masters is to minimize such occasion, and to substitute gentler measures of control. The suppression of a school is always a matter of regret, and the public interest requires that the cause of it should be ascertained. Hdveloch. — On my recommendation, and with the consent of the local trustees, your Honor has been pleased to nominate Mr. E. Bissell to the school at Haveloclc which I have vacated. I would suggest that a similar course be adopted in all succeeding cases. The candidate for the office of master of a common school should be required to undergo an examination by the Government Inspector, and, if qualified, should then be appointed on probation for a period of six months, Total number of Pupils. — In the twelve schools receiving aid from the Provincial Government, there are 309 children in attendance, between the ages of five and fourteen years. This number is moderately large when estimated according to the comparative extent and population of other places from which I have received statistical information. The instruction for the most part is purely elementary, but generally sound. A wise avoidance of strong or elaborate designs for young and untaught children will mould their minds for diligent and industrious application, and fit them to the assorted gradations of study 'that will successively follow in their educational career. Irregularity of attendance is still the great difficulty which besets the master's path and mocks his best efforts. The school is made to subserve the farm, and the boys can only be instructed at such times as they cannot be made practically useful at home. The schools otherwise present good openings to teachers actually devoted to the work of education, and they will not fail to recognise in the poverty and scantiness of their materials the greatest value of the treasure that has fallen into their hands. The grants from the public treasury are sufficiently liberal, but if differently administered would be more likely to answer their intended aims. The teacher at present not unfrequently relies almost exclusively upon the contribution paid by the the Government, while the payment of the school fees is unpunctual and insecure. To remedy this, the aid from the Government might be made conditional upon a certain yearly sum being subscribed and actually collected by the inhabitants of the district in which the school is situated. Thus, if the school committee of a certain district would undertake to procure and pay into the Provincial Treasury by quarterly instalments, say £75 per annum, the Government might add also their moiety of £75 to complete the stipend of the teacher. The proportion in which the Government would aid in the payment of such salaries would of course be regulated according to the population in the neighbourhood of the school. 'An arrangement based upon this principle would be far more just and satisfactory to the schoolmasters than the existing uncertainty of receiving their emoluments. Sites and Buildings. — Few of the schoolhouses are really good and useful buildings, and in the construction of more than one of them regard has especially been paid to other local conveniences and plans rather than to the important purposes-far which it is supposed they are erected. I recently forwarded a memorandum to your Honor, recommending that in future, before any grant is made in aid of building a new school, a plan should be submitted for the approval of the Provincial Engineer and the Inspector of Schools. Bad accommodation, as well as inefficient machinery and indifferent teachers, will spoil a good design and retard the progress of a school. It is desirable that some regulations should be promulgated, regarding the hours during which each school is required to be open for daily instruction, the days that are to be observed as holidays, and the periods of the usual vacation. There is often much confusion from schools, conducted under the same system and code, differing in these respects. I have been cheered in the prosecution of my duties as Inspector by perceiving a gradual melting of that lethargic chill and apathy which too largely characterise the settlers of these lands. Nothing can be more discouraging to a zealous and painstaking teacher than to find his arduous exertions unrecognised and unappreciated, and doomed to fatal and saddening neglect. I have to acknowledge the courtesies and friendly attention that I have invariably received from trustees and others interested in education in my visits to the several schools, and also to some of the most able masters in the province for the useful and valuable information that they have from time to time afforded me by correspondence. I regret to relinquish a professional connection, whose brief tenure has afforded me so much gratification. I have the honor to be, Sir, Your most obeclt. servant, Henry H. Godwin, Inspector of Schools. His Honor the Superintendent, Napier.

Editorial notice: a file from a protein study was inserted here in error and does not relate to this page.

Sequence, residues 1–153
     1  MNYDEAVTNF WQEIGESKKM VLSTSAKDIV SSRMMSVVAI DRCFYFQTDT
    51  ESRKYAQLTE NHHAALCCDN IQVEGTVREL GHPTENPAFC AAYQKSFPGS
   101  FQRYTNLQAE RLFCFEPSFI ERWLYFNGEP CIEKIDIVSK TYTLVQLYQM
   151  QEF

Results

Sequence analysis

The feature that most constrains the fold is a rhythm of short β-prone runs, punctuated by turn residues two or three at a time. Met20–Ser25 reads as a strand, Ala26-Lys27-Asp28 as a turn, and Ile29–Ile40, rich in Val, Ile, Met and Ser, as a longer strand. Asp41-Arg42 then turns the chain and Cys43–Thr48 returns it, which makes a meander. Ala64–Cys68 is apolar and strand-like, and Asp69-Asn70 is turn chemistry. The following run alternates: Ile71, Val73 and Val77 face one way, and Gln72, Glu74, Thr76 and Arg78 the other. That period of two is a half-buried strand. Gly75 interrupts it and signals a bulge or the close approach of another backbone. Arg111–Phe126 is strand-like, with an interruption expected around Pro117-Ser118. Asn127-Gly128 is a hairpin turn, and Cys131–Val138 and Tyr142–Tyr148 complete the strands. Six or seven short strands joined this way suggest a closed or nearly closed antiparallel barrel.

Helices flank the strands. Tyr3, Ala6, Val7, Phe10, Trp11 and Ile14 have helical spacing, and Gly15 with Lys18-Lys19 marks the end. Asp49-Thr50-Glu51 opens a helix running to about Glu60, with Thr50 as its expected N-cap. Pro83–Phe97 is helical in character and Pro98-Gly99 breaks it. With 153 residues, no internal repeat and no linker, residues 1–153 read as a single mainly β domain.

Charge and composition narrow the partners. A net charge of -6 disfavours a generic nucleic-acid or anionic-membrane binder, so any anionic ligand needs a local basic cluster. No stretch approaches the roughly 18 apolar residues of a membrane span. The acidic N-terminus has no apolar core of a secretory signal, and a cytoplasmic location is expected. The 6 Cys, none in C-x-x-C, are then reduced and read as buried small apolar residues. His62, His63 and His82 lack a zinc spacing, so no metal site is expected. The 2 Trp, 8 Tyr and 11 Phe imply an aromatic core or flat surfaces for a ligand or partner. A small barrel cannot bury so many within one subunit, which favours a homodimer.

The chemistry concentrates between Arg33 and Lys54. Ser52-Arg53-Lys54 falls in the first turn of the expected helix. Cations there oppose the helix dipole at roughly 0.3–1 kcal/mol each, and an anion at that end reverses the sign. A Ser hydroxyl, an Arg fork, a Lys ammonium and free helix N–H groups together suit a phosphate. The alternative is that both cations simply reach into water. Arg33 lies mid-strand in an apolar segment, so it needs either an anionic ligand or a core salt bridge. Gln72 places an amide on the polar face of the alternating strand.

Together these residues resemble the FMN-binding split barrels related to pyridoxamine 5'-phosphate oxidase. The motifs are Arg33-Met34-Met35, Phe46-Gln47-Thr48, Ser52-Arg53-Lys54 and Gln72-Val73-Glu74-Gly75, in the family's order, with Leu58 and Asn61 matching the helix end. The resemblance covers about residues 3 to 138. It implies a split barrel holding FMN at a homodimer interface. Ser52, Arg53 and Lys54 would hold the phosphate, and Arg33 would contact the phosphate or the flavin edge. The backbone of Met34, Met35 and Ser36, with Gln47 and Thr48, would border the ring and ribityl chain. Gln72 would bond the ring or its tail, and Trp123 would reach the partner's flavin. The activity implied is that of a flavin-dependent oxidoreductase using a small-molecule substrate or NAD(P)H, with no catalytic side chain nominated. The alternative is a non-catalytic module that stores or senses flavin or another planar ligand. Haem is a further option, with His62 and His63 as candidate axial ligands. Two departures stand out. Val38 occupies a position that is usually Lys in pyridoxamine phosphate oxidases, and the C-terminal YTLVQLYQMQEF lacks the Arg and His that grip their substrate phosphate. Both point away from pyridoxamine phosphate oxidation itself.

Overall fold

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https://paperspast.natlib.govt.nz/newspapers/HBH18670119.2.19

Bibliographic details

EDUCATION., Hawke's Bay Herald, Volume 11, Issue 819, 19 January 1867

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1,840

EDUCATION. Hawke's Bay Herald, Volume 11, Issue 819, 19 January 1867